“I couldn’t be more proud of our team,” Sandelin said. “We grinded out two wins against two good hockey teams. Coming into the tournament, nobody gave us a lot of credit.

“I think this group is pretty focused. They know [winning the regional] is great but they know this isn’t it. We’re going there to win.”

Video: Minnesota-Duluth news conference:


Video: Yale news conference:



  1. Sandelin and his staff did an excellent job this weekend preparing the Bulldgos for a some tough ECAC competition. Congratulations on reaching the Frozen Four but there is more good fortune to come. Go BULLDOGS!!!

  2. Disappointed Yale fan, and this year I can’t feel consolation that they got this far. There was more promise than what was shown tonight. But first off, congratulations to a very disciplined, hard working, quick UMD team. I was very impressed seeing them live twice for the first time ever.

    The call on O’Neill was dubious, but let’s be honest, had Yale not been in a 3-0 hole I’d buy into it more. Yale dominated the first period and was so bad in the second they had no excuses about bad penalties. Cahill, Dueck, Peel, Laganiere all had dumb penalties tonight. O’Neill’s first penalty looked a lot like the one that got the good extraordinaire in Pittsburgh suspended.

    Yale had no one to blame but themselves especially on the shorty and the goal that made it 3-0. After that, with the parade to the box (then it got excessive) the referees guaranteed no comeback.

    Bitter pill because with 9 impact seniors graduating Yale will have so many holes to fill that it’s likely at least two years before Yale is able to be much more than a 4-6 ranked team in the ECAC.

    That said, thanks to the graduating class. I still recall Jimmy Martin’s first game, as well as the low expectations for the program at the time of transition from Taylor to Allain.

    Good job in this playoffs to Laganiere and Miller, and extra effort award goes to Limbert.

    • Thanks Eli…as a UMD dogs fan…i can say it was a questionable call…..dogs did take the opportunity and did convert though….it was obvious, yale was a very talented team with a lot of speed, and as a UMD fan, feel very fortunate moving on from this region…..

    • There were some undisciplined penalties yesterday, but as much as I wanted to see UMD take it to them, I really didn’t think that the O’Neill hit warranted a major and an ejection (they really need to alter that rule to more of an “intent to injure” or double minor type). Yes, it was 3-0 at the time, but there was a lot of game left.
      I don’t want to sound like a douche bag, but the fact that the ECAC didn’t do well in the tourney isn’t really all that shocking. The conference as a whole lacks the depth that ultimately improves a team like Yale over the course of a season. Yale has some insane firepower on their team, but they’re strength of schedule hurt them I think. If you’re not consistently playing superior competition, then you’re not going to get any better. Yale pretty much walked thru their schedule for the first half of the year. During the second half, the teams in their own conference were starting to improve and find ways to beat them. Meanwhile, Yale didn’t have the same improvement curve because they weren’t really playing anybody that would make them better. I’m not trying to downplay Yale either. They’re scary good, but by playing a weak schedule I truly think it hurts a team like that when it comes tourney time. Every team that they’d have faced in the tourney aside from Air Force was going to be a lot more battle tested than they were.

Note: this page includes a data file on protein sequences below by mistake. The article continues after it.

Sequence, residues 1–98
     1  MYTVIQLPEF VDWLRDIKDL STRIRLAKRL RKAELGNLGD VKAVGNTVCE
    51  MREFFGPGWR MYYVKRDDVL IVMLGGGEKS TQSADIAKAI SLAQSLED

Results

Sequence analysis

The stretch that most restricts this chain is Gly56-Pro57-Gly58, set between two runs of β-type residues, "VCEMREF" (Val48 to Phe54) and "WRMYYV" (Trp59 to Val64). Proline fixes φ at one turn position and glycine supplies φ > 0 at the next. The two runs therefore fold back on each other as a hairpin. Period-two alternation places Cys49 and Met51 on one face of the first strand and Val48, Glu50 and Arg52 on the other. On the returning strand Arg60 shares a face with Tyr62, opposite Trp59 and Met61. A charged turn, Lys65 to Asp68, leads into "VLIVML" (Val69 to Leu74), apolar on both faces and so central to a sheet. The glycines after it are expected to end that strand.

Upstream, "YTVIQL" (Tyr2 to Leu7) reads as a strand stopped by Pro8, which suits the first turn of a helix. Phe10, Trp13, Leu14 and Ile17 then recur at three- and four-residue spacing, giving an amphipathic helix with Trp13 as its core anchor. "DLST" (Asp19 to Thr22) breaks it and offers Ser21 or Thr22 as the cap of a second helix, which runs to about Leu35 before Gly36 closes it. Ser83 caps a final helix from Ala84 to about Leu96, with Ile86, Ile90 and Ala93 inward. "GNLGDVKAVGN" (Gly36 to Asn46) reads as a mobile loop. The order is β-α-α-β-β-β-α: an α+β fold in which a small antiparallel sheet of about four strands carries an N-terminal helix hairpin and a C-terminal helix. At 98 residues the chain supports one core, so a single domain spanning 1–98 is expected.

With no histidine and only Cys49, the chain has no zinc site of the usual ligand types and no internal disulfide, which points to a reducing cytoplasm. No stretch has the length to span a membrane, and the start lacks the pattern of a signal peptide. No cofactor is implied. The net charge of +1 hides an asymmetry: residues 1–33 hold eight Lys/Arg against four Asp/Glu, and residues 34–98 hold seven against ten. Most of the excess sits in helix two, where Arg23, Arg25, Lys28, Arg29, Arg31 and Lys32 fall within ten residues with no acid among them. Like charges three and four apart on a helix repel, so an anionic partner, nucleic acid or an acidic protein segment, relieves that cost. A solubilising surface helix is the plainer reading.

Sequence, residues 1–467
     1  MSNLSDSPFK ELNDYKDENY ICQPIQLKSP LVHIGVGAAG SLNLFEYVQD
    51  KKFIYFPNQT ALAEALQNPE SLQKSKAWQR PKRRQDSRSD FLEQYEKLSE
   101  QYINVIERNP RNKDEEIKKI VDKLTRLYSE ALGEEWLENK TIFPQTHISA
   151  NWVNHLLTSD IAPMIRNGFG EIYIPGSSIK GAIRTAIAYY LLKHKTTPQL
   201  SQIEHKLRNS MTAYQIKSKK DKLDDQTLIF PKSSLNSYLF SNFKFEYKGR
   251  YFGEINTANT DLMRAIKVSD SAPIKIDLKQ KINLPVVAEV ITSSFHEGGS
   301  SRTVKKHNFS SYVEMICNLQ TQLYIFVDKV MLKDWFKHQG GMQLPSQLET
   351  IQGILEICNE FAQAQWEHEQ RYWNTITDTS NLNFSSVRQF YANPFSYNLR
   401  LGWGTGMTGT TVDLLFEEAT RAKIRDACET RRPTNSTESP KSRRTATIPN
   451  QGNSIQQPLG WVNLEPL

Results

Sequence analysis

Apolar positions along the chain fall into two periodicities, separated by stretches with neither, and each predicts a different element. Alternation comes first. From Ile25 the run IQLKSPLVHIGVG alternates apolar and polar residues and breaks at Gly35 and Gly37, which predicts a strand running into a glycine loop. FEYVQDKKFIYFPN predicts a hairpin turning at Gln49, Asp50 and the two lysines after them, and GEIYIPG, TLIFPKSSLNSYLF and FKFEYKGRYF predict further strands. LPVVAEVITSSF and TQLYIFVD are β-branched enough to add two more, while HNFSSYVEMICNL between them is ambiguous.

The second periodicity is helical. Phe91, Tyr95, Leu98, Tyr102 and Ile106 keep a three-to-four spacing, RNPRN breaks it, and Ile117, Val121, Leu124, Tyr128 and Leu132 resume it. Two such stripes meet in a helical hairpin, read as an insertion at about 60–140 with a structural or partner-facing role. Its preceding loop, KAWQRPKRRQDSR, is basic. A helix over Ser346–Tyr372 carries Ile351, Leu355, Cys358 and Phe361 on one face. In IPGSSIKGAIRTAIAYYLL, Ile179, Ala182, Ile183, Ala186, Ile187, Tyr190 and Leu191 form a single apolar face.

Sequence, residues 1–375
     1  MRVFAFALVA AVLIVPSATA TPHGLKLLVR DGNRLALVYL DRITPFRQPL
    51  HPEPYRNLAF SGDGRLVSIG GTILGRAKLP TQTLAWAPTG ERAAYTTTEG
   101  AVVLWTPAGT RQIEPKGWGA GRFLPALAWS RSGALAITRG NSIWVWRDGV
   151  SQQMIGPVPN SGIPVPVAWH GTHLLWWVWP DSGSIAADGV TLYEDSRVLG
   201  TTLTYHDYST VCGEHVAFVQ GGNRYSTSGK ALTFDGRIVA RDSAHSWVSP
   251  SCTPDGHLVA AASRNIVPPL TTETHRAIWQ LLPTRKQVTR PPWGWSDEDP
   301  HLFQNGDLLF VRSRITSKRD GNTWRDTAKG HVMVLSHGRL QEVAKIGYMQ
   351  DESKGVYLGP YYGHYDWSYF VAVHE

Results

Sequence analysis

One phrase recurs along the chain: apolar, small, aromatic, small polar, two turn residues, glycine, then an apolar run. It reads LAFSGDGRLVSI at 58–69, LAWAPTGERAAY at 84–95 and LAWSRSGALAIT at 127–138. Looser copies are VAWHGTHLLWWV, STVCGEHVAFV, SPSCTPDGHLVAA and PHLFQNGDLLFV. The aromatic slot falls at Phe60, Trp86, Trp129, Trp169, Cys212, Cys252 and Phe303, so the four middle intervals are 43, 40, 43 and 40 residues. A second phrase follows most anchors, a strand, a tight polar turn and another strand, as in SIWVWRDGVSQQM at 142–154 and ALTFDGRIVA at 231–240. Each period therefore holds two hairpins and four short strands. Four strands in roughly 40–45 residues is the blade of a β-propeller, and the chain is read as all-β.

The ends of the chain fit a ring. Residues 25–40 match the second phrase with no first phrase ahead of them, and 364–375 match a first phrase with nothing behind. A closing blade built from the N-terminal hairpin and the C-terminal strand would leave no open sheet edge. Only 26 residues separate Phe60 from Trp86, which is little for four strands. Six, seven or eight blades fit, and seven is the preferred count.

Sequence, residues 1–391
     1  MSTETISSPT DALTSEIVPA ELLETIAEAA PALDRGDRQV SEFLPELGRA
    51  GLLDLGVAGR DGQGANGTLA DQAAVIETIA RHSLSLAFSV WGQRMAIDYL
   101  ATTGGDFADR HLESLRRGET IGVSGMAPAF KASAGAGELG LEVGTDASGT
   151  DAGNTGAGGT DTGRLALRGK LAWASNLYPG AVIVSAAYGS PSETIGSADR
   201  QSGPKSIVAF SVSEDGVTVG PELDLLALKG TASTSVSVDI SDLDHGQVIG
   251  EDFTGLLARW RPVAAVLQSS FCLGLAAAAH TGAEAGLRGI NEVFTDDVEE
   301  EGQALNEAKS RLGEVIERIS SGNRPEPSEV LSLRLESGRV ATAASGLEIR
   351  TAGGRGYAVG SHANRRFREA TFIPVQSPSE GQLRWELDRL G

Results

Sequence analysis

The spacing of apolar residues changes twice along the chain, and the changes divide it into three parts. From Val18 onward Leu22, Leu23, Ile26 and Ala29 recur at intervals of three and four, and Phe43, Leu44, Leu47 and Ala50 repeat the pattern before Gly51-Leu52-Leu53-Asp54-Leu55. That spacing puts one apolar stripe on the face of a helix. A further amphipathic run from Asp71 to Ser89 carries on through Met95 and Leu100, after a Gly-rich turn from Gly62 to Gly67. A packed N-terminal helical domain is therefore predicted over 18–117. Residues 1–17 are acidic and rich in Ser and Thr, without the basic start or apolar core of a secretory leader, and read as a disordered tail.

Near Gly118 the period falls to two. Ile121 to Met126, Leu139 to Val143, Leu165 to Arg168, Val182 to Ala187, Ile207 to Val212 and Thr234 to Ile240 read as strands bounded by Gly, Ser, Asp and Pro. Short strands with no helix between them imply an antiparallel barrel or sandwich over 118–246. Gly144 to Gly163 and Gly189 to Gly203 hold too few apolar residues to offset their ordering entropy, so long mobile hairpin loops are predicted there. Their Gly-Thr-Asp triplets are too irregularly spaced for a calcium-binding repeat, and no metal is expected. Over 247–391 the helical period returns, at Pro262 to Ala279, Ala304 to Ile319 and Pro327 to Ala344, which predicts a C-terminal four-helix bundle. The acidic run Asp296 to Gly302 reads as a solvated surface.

In a combined 4 games played in the tourney by the ECAC, they scored a total of 5 goals (all by Yale who got to play 2 games), went 3-28 on the power play and allowed 7 pp goals on 27 chances. Union, who won the regular season title in the ECAC went 0-9 on the PP and RPI went 0-8. Not pretty. Special teams and goaltending is what ultimately ends up determining who proceeds in these tourneys as the competition is usually pretty darn close. But those stats are just awful for the ECAC.

    • Yale really looked like a good team, fast and creative! But they also did look like they hadn’t been there before, and to put yourself down 3-0 early, penalty or not, kills the wind out of your sails.

    • Keith Allain is a solid coach and will have Yale in the mix for some time to come. Furthermore, lining up more nonconference games against premier programs like BC, UND, etc. will only help come March and April. Yale’s schedule this year did not prepare them for this tournament.

  3. O-V-E-R R-A-T-E-D!!!

    Struggled to beat the last team into the tourney…took overtime to beat them. Then got it handed to them the next night.

  4. It looks like the ECAC was not all the rankings claimed it to be. Nothing against Yale, but this just proves that PWR is only as good as the inputs it gets. UMD is good team, but they are not a perennial powerhouse. If an ECAC team could not make it out of that bracket, it’s time to re-look the way they do rankings.